Before the pumpkins roll out and the leaves begin to fall, sprucing a home’s exterior with added details can amp up its charm. Although architectural preferences range greatly from market to market, curb appeal can be achieved no matter where a home is located. The often-barren surroundings of a new build can seem less appealing to someone visiting. Yet, with some climate-appropriate landscaping and added features, a new build can feel more complete—and, more important, make a statement.
Patrick Murphy of SMP Environmental Design, who partnered as the landscape architect on the 2024 Virtual Concept Home by Livabl, says, “First impressions are everything! Rich, textural hardscape surface materials coupled with a stunning entry walk and driveway design are important.” He notes that well-designed plant selections can additionally complement a home’s architecture.
Throughout a new-home development, curb appeal can also be boosted with landscaping. Russell Bynum, general manager for Hillwood Communities’ Houston region, shares that the developer enhances landscaping at entrances and common areas by selecting plants and trees based on soil types and seasonal climates to promote growth and sustainability. He adds, “We have a very strict street tree program where we alternate between a variety of trees to create a unique streetscape throughout the communities.”
For home builders looking to boost the curb appeal of new-home projects, BUILDER collected some tips and tricks below for dressing a home’s front elevation.
1. Don’t be afraid of hardscapes and pavers. As mentioned by Murphy, rich paving and veneer materials can elevate a home’s entrance. Genji Nakata, Century Communities executive vice president of national operations, says pavers are used in various markets to elevate curb appeal. He notes, “For example, in Las Vegas, we provide paver driveways versus concrete.” Also in the West, Beazer Homes finds that pavers provide an upscale feel and are especially popular for their Arizona homes.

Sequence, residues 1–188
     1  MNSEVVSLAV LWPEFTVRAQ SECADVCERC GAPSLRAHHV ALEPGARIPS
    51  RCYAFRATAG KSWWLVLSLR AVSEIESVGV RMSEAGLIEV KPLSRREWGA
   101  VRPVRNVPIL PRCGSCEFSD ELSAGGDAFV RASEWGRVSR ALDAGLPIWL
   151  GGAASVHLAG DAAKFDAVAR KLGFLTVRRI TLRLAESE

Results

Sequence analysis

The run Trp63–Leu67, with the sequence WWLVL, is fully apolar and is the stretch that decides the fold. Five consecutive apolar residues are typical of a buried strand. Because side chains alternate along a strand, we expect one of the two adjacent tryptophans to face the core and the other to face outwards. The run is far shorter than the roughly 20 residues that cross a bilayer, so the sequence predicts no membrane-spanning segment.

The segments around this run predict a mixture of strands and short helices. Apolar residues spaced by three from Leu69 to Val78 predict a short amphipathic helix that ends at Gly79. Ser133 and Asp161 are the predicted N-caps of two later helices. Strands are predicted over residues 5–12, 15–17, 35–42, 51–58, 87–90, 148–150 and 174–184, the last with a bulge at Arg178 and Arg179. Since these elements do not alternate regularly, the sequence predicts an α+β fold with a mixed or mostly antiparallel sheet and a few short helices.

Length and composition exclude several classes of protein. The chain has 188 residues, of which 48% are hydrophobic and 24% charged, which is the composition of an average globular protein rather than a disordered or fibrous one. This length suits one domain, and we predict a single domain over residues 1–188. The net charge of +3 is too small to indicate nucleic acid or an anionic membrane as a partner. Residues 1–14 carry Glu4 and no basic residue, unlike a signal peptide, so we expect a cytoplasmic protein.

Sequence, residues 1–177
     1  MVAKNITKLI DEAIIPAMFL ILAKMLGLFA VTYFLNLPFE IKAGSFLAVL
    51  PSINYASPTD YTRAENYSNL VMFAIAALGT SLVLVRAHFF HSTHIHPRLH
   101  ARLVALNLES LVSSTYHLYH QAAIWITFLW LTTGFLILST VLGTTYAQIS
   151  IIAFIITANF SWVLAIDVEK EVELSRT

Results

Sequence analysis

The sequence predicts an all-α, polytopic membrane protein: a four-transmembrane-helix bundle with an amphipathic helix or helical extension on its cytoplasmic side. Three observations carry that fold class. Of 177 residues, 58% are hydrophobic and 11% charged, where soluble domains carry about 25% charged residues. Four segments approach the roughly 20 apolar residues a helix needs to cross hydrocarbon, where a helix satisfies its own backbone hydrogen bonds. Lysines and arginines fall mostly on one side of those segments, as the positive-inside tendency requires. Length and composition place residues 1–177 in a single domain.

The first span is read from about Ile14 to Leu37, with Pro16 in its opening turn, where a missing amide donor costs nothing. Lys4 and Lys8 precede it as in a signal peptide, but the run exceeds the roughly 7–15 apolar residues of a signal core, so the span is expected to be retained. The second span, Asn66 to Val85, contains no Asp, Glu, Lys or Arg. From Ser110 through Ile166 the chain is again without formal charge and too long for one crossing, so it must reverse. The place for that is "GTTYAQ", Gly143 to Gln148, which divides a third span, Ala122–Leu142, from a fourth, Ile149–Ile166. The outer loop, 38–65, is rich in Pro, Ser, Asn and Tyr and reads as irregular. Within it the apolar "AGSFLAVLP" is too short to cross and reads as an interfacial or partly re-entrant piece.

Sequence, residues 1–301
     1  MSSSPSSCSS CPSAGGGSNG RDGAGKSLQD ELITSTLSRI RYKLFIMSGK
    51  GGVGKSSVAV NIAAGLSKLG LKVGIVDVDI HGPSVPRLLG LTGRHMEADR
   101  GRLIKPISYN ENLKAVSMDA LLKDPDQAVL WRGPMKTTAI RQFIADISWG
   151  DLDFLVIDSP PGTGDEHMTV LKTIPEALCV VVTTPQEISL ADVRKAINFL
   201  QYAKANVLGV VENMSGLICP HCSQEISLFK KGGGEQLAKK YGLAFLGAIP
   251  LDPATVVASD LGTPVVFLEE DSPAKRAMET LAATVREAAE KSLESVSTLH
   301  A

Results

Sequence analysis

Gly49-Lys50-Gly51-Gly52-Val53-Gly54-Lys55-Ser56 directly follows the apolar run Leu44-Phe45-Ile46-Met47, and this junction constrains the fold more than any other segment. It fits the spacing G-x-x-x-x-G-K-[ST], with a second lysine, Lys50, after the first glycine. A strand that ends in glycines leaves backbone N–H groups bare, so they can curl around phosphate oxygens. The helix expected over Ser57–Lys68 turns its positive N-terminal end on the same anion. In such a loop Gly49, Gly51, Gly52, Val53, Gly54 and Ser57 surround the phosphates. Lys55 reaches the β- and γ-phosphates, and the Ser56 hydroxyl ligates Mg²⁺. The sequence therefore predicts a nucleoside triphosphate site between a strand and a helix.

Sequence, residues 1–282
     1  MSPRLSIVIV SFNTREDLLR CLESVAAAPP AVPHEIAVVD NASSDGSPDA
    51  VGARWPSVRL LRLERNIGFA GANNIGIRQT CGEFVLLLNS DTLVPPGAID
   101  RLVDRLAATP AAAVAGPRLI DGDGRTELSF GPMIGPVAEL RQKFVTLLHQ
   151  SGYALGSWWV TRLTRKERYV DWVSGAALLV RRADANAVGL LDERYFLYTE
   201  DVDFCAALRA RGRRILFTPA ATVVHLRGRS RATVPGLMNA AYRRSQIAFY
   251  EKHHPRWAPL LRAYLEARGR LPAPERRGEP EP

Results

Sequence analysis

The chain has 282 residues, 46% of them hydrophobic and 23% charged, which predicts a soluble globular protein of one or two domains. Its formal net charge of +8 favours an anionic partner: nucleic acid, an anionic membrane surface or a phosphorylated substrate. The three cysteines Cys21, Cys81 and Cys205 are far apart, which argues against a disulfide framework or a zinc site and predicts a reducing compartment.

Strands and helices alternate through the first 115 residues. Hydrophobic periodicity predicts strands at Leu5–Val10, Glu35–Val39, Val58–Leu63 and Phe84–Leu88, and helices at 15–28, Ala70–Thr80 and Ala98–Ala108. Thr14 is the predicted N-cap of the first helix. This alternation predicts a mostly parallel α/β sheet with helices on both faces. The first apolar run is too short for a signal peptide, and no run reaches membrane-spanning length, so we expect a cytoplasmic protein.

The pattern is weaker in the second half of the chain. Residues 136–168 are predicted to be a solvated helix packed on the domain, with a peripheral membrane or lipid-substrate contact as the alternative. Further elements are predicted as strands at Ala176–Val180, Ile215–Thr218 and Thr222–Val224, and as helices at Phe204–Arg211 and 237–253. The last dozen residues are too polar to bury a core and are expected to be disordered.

2. Let paint and finishes make an impression. Beazer Homes has implemented modern paint schemes to meet consumer demand while also refreshing their front elevations' curb appeal. White brick with black trim or gray siding with light accents have been common requests. Nakata agrees that more simple schemes and finishes have become the canvas for curb appeal. “We have been focused on incorporating pure styles and simple massing into our elevations recently while specifying more modern and transitional elevations where possible,” he says.
3. Add some ‘jewelry’ to the garage. A builder-grade garage door can be overlooked when approaching a home, but with a few additional accessories, it can be the wow factor. Throughout Hillwood Communities, home builders are expected to dress the garage doors up. Bynum explains, “We require coach lighting and decorative hardware on the garage doors to finish the look of the homes.” Lighting and hardware of contrasting finishes can add unexpected detail and interest.
4. Shine a light on key features. Statement porch lighting, front door sconces, and landscape lights can turn up curb appeal, especially in the evening. Spotlights positioned on well-designed landscape or sconces that light up a grand entryway, can welcome guests and homeowners alike while also providing functional safety and sightlines. Murphy adds, “A well thought-out solution for the integration and complementing of building materials is important, and how these materials are combined to achieve a functional design solution will make the outcome successful.”
5. Create a friendly landing place. To add an even more welcoming aesthetic without necessarily changing a home’s structure, Beazer Homes completes their new model homes with outdoor furniture. The option to sit and enjoy a new home's front entrance makes it even more appealing. Murphy implemented the idea of outdoor living areas in the 2024 Virtual Concept Home as well. When speaking on the project’s entrance, he says, “Creating 'outdoor living rooms' with compatible and functional spaces was imperative to convey expansive entertainment areas to the home buyer who can immediately see a ‘first impression' entry walk with materials that expand through the driveway creating a seamless solution. A front courtyard was also integrated with a passive fountain feature.”